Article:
How to Avoid Hoarding Behaviours at Home

teenagers and father cleaning garage

Some people are incapable of letting things go. They say these items have a sentimental value, so they just couldn’t part ways with them. But when you start considering that toilet seat you bought years ago as something with sentimental value, perhaps it’s time for some deep reflection before you use all of the storage facilities in Adelaide.

In order to get a better hold of yourself before the hoarding demon comes out and ruins your life, here are some useful tips to keep yourself in check.

Know if you’re a hoarder

Not all people who collect stuff are hoarders. Hoarding is a recognised psychological abnormality with deep-rooted causes that would require professional help and treatment.

Hoarders experience social impairment when it comes to their situation, and they often experience extreme separation anxiety whenever they are pressured to throw away unnecessary items. Clinically diagnosed hoarders are easily distressed when someone criticises their inability to throw stuff out. They can also appear aggressive towards those same people.

So if you don’t feel like this whenever someone mentions to you that you really should get rid of that muffler you bought a decade ago because you don’t own a car, then perhaps you’re not a hoarder in the true psychological sense. But maybe, you have hoarder tendencies. If that’s the case, follow these suggestions to keep your hoarding at bay.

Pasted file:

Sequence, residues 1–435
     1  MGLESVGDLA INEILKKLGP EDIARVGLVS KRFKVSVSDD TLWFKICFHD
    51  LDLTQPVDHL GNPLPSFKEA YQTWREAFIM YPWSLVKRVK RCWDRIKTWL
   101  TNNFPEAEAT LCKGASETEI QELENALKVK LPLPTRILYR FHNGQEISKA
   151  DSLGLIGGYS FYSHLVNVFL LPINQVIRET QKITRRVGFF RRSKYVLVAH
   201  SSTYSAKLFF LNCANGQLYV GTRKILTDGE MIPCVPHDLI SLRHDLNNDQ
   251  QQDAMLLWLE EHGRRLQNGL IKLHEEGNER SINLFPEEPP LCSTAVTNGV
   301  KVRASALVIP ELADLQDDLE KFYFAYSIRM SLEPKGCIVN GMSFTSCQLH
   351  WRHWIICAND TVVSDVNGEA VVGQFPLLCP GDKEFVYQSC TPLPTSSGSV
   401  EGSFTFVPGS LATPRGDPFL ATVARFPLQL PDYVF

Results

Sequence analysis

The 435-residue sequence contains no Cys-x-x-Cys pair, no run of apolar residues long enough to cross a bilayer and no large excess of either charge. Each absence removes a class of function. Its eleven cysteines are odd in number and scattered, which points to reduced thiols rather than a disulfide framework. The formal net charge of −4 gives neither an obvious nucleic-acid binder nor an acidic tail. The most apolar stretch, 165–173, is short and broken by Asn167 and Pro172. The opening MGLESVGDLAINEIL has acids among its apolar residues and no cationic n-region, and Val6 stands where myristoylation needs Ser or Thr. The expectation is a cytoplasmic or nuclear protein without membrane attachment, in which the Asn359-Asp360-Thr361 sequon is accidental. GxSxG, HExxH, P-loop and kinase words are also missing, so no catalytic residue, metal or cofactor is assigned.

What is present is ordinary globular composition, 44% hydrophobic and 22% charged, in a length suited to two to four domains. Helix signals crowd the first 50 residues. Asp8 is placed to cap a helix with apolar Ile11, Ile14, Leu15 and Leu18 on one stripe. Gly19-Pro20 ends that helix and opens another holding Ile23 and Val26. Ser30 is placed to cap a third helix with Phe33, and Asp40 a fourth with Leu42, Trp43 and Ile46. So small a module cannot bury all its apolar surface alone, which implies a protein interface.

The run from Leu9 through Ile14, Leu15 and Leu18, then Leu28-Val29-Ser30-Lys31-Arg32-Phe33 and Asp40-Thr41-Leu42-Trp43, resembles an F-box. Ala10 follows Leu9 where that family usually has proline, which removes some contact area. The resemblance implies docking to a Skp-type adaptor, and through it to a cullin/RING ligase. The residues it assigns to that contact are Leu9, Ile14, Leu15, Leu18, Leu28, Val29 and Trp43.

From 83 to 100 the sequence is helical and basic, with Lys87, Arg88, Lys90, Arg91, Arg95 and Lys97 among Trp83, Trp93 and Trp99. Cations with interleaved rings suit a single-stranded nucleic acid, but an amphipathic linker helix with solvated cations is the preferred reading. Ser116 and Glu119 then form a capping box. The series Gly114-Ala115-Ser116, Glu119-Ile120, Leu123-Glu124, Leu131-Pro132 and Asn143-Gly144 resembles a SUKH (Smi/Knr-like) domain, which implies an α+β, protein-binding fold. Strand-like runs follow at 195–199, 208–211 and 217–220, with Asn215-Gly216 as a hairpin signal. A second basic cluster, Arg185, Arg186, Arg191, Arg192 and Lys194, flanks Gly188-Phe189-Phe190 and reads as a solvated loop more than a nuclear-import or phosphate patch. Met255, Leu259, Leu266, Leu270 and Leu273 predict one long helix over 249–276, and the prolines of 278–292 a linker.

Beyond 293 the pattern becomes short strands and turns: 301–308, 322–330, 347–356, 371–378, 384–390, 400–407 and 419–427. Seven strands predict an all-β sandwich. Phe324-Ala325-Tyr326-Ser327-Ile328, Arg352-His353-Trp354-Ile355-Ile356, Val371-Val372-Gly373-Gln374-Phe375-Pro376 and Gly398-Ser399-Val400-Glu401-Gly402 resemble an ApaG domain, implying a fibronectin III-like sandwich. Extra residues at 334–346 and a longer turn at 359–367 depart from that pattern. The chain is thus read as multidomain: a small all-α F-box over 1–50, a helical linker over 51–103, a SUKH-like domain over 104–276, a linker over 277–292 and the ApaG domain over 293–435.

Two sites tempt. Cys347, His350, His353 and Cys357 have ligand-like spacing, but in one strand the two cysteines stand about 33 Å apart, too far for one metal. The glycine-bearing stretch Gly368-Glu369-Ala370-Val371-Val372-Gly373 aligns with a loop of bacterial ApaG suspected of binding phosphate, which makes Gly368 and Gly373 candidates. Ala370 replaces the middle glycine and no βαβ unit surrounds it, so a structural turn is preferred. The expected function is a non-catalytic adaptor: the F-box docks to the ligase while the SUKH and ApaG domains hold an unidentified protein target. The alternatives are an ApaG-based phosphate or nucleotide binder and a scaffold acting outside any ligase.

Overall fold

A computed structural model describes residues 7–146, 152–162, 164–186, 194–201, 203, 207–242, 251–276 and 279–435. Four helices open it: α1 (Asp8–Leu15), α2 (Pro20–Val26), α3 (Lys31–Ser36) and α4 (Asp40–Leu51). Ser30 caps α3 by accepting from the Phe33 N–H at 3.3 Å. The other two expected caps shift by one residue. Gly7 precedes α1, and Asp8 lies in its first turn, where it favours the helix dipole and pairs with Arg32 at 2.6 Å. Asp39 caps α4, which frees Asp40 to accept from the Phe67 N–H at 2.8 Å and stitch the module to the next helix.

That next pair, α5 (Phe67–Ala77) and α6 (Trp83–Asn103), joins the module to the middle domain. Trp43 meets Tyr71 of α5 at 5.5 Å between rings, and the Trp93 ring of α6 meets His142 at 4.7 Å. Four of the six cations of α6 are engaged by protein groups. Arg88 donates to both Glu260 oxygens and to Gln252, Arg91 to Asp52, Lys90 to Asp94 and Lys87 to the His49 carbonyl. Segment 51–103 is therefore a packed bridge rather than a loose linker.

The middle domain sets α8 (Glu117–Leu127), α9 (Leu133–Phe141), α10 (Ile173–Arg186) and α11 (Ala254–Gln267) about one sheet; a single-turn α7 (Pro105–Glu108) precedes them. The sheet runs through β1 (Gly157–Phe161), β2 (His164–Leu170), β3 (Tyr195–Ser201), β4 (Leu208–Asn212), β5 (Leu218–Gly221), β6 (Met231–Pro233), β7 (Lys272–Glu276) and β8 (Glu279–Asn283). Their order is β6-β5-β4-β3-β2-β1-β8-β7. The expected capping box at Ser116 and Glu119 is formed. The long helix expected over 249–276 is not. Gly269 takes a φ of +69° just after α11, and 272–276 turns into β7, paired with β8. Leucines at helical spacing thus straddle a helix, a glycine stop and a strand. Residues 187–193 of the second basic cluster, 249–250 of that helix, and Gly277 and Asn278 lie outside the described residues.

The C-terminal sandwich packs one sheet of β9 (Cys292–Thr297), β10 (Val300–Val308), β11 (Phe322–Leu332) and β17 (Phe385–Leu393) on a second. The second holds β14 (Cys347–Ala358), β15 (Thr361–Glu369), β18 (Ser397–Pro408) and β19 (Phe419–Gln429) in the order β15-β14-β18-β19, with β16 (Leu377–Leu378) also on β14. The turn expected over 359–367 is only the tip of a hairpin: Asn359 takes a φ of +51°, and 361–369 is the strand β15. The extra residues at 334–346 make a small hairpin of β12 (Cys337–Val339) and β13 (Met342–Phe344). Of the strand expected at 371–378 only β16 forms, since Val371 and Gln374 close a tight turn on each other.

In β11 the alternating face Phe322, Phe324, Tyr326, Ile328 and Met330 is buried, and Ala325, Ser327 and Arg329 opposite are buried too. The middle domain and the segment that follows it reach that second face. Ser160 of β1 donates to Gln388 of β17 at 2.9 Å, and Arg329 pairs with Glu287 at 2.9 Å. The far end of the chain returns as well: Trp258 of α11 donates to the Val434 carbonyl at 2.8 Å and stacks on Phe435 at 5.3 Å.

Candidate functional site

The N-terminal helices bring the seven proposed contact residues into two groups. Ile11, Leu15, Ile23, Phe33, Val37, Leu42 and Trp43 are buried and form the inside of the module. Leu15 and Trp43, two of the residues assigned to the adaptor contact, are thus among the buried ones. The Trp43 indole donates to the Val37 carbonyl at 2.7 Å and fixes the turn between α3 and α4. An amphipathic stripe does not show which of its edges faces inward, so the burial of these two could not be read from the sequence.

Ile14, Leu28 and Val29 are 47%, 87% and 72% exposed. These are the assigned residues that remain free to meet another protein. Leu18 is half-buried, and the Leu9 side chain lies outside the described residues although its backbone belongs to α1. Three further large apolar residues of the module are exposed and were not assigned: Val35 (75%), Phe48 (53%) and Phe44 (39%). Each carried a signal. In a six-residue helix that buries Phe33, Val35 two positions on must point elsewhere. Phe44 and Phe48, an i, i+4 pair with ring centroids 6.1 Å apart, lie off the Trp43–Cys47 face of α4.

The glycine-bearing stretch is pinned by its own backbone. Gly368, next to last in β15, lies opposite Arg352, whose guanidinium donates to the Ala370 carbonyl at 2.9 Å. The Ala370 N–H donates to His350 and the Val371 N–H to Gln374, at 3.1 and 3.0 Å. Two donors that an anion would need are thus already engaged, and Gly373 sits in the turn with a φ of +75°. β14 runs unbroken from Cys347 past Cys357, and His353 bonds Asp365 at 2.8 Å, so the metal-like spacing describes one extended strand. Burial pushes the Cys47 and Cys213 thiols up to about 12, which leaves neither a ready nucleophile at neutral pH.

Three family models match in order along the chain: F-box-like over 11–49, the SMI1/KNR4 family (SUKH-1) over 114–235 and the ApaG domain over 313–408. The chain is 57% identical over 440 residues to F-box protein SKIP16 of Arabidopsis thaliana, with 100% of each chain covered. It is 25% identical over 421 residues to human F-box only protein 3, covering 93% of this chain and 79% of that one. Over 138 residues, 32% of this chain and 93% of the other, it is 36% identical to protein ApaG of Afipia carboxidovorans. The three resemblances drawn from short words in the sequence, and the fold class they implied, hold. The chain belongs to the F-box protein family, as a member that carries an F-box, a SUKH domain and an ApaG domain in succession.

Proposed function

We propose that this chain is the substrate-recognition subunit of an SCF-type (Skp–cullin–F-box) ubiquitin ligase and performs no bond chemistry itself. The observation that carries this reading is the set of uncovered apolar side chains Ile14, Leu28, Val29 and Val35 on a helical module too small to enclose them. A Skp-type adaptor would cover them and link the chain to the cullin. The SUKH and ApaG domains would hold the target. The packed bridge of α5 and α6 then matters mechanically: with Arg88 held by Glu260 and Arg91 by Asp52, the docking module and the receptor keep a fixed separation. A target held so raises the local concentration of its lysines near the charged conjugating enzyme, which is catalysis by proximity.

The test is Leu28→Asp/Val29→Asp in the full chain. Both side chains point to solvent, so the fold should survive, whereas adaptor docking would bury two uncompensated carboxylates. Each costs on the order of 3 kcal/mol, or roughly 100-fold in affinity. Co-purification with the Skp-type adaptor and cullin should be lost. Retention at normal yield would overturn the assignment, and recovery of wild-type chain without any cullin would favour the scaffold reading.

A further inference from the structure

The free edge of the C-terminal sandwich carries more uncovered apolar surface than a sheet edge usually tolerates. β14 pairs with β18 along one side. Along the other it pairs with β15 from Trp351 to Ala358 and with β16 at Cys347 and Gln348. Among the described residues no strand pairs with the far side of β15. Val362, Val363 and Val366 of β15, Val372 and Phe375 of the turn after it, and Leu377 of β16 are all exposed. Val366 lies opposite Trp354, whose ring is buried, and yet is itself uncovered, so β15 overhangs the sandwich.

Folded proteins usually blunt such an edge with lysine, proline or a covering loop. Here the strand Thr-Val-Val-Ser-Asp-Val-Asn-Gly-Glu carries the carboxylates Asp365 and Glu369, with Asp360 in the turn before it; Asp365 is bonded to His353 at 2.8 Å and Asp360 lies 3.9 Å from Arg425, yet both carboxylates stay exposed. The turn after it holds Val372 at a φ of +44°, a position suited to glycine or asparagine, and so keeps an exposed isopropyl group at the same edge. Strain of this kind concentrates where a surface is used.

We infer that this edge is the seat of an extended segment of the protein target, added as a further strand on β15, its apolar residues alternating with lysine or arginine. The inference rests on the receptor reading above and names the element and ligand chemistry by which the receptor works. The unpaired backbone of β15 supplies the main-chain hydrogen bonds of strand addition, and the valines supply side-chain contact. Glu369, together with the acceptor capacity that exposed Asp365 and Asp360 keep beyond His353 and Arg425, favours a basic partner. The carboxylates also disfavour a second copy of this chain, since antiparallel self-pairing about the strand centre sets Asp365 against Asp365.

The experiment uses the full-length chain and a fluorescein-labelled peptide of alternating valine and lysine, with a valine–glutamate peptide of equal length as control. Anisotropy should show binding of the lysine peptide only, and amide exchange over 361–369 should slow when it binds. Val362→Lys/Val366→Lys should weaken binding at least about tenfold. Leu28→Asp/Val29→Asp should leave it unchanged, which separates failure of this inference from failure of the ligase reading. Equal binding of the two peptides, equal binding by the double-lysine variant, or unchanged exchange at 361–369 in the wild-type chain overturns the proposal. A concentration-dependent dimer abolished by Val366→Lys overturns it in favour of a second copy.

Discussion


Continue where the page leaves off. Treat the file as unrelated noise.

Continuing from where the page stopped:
Take small steps

items stored in the garage

When you realise that you have hoarding tendencies, don’t immediately reach for the nearest item and throw it out the door. Instead, go through one small section of your house and throw the items you don’t need. This would entail throwing out those extra napkins, tablecloth, staplers and other items you won’t need right away.

The reason for this is to avoid feeling regret after you’ve thrown away an item on a whim. If you feel regret in throwing away something, the risk of you falling back to your hoarding tendencies will become likelier.

Minimise your ‘collections’ into single digits

You hoard stuff because you think you’re building a collection of memories that you would want to treasure until your twilight years. But if you’re going to keep the items that remind you of your kids, like the artwork they’ve done through the years, then keep one to two things for each child. You can also ask your kids to keep items they treasure but minimise the number of those items to single digits to properly manage the clutter.

Use the ‘box test’

If you’re having a hard time figuring out if the ladle you’re holding can be of use to you, then put it in a box for now. Put the box in the attic or in the basement and proceed with the ‘box test’.

The box test is a way to gauge if a certain item is useful to you or not. If the ladle you put in a box stays in that box for a period of six months, the ladle failed the test, and it’s time for you to throw it out. Use this test on other items, and you’ll be able to declutter your house eventually.

It’s hard to throw stuff away when you’ve been used to thinking fond thoughts about each and every item you encounter. But just go through the tips above, and perhaps you’ll be able to keep the hoarding demon right where it should be—in the lowest pits of your mind where it can’t control your life.

Scroll to Top